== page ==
As an alumnus, you can be a mentor, guest speaker, competition judge, and capstone client. You can also recruit Suffolk students for internship or job opportunities.

Entrepreneurship Mentor

You’ve learned a lot from your experience as an entrepreneur. Now you have the chance to share that knowledge with the young, bright minds of Suffolk. Becoming a mentor is a chance to give back and help students become successive innovators.

Guest speaker

Becoming a guest speaker for any of our entrepreneurship courses, the Entrepreneurship Club, or extra­curricular events, is a rewarding and appreciated experience. While our academic program has a strong balance between practice and theory, the power of our alumni sharing your stories and the related lessons learned brings relevance to the academic and practical experience.

Our dynamic entrepreneurship faculty have adjusted course schedules or planned activities to expand guest speaking opportunities.Guest speaking is typically done in 75-minute sections in our entrepreneurship major or graduate concentration core courses.

For more information about guest speaking opportunities, please visit the Center's site.

Competition Judge

The Center for Entrepreneurship sponsors several events during the year, creating many opportunities for you to serve as an executive or judge and to share your experience and knowledge.


Visit the E-Clinic page for more information.

Is your venture facing any challenges? Suffolk Entrepreneurship students may be able to help.

As part of our Entrepreneurship capstone requirement, undergraduate majors work on pro-bono consulting projects for actual business clients, under the direction of a faculty coach.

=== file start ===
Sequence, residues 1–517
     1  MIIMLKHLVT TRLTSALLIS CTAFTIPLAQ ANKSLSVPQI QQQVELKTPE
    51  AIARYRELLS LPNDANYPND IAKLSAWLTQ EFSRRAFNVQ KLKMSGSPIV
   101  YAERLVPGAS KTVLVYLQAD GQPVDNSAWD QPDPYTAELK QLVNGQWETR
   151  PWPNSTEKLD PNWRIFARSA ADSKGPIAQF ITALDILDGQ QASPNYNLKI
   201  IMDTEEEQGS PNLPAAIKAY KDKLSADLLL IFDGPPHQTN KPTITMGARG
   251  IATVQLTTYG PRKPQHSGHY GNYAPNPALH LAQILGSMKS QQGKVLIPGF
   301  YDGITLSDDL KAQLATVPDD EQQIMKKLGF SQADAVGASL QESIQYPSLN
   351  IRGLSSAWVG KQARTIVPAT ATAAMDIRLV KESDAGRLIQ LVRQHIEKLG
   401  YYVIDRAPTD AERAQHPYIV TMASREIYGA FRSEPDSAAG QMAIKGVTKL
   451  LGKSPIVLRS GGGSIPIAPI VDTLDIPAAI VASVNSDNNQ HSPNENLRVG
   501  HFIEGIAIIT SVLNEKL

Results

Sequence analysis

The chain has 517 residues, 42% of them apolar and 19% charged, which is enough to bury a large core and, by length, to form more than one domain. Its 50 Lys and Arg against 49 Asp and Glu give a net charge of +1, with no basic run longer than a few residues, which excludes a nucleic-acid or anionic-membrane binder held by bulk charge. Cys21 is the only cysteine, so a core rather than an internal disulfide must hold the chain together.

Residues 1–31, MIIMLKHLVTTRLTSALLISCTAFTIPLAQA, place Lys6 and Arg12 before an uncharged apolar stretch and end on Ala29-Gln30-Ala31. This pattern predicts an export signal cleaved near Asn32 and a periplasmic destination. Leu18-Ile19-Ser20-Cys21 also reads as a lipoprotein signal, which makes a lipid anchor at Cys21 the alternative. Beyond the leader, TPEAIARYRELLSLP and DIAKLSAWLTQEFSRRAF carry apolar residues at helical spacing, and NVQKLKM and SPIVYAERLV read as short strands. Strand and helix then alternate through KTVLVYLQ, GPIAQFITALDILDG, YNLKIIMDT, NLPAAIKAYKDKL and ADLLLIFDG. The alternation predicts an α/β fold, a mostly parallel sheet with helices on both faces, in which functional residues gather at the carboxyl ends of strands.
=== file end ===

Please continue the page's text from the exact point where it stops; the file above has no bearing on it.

About 8-10 students will spend 14 weeks developing proposals for you.

  • Weeks 1-2 In-class discussion consists of business and legal primers bringing together all functional areas of business in the context of solving client problems. During this phase, guest speakers from various startups speak to our students to give a more diverse business experience in preparation of working with client organizations.
  • Week 3 Clients present their company and potential situations to the class with a Q&A session. There are typically 3-4 clients per semester.
  • Week 4 Clients and student-consultants meet to complete an interview process, as well as develop a mutually agreed-upon statement of work.
  • Weeks 5-6 Student-consultants develop their project management plans, managing their time, resources and deliverables to the client.
  • Weeks 7-12 Student-consultants present their deliverables to class (clients receive a written report 48 hours before the presentation for pre-presentation comments). Student- consultants debate strategies in class to continuously improve project quality.
  • Week 13 Student-consultants present their final strategies to clients in class. Clients are encouraged to attend this session to provide feedback. 

Students have worked with clients, such as: the City of Newton Economic Development Commission Entrepreneurship Incubator, the Environment and Health Group, Edella, Inc., SumoSkinny, Anna’s Fried Dough, Porter’s Restaurant, Ideologie,, and more.

Suffolk University students do not enter into nondisclosure or confidentiality agreements. As such, as a client participant in this course, you understand that any information you provide is considered public. We recommend that you keep all sensitive information confidential. However, you will need to find the balance of providing sufficient information necessary for the student-teams to provide you with a valuable end-of-semester deliverable.

For financial information, we recommend using a multiplier or divisor so you can convert financial information provided by students into data that reflects your company. You may also use percentages in place of dollars.

In addition, you understand that this is an academic exercise and that Suffolk University does represent any warranties of any kind.